He adds that there were architects deliberately designing buildings to scare people, throw them off guard, and debate everything that’s wrong with society. “That’s a very egotistical, offensive thing,” Andreozzi says. “That’s why I think the majority of that work will be replaced within a hundred years.”

According to Daum, the deconstructivist architect Peter Eisenman decided in the 1980s that the threat of nuclear war meant there was no point to building anything rational.

“We’re destroying our world by creating spaces that no one wishes to be in,” Daum says. “If you work in traditional styles and are working in a traditional cityscape, you don’t have to be a great architect to make a building fit in and which contributes to the whole. But if you’re a mediocre architect and you do a modern building, we’re stuck looking at that thing and it’s always going to be the gap in the teeth.”

“In terms of creating a humane and habitable cityscape; a place which gives people comfort; a place in which people can feel they belong, that classicism offers a way to make people more connected to the place in which they live,” Daum says. “If you throw out tradition, you basically leave people uneasy, uncertain, anxiety-ridden—not really sure how they’re supposed to behave or what they’re supposed to do.”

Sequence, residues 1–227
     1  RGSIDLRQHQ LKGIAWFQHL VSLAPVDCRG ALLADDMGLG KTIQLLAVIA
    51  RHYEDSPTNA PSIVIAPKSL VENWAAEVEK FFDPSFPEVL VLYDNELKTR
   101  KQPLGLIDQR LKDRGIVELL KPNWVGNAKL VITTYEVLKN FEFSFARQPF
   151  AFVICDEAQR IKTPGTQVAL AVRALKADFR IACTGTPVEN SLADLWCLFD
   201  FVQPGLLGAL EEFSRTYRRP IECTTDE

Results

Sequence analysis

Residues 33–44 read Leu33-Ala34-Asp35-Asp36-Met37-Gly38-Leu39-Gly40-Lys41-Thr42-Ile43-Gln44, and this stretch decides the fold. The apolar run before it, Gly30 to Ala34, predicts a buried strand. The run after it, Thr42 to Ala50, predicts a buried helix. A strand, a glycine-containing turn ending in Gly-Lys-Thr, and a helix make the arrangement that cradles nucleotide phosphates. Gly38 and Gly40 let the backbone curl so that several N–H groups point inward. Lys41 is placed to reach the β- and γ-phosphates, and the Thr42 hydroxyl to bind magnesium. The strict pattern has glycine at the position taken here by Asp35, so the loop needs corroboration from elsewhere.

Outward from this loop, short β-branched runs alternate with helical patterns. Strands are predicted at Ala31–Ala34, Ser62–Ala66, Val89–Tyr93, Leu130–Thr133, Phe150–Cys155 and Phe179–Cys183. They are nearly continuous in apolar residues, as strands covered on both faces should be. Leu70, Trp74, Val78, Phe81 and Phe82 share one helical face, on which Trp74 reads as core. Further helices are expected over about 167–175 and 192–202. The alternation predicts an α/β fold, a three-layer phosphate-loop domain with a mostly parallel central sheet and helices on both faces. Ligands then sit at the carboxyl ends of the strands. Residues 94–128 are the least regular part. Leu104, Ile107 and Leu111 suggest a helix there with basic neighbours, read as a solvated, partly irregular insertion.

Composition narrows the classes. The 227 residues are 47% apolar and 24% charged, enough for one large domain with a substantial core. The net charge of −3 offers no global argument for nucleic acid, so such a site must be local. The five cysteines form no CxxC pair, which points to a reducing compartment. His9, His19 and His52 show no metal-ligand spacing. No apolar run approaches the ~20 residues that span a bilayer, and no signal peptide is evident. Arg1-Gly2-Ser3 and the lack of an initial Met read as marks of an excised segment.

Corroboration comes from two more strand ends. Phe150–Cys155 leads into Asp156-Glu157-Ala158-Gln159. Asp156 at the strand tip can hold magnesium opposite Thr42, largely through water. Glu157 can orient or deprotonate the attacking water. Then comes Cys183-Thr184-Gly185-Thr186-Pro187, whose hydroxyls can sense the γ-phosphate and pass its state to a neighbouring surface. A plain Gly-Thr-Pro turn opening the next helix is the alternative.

The importance of vibrant places—and the technique in urbanism known as “placemaking”—is one of Boys Smith’s biggest concerns, as well.

“A lot of the high density development in London doesn’t work,” Boys Smith says. “It’s too ambitious of density, [there’s] not nearly enough of the human and sympathy in the architecture.”


Yet perhaps more useful than arguing about architectural style or the economics of development is simply contrasting Boston neighborhoods like the North End and Seaport District. In the North End, typical buildings are only about 20 to 25 feet wide, so facades change frequently. The buildings change height, the patterns built of bricks change, and the level of detailing changes. The pattern is so established that even the occasional breaks in it—the buildings that are longer and less activated, the few parks or even the surface parking lots—end up being welcome contributors to variety. By contrast, the Seaport has no pattern to it. Every building site is an island unto itself. Although the stores within them change, the glass facades are unbroken except for roadways and strips of green space that exist purely to separate one building from another.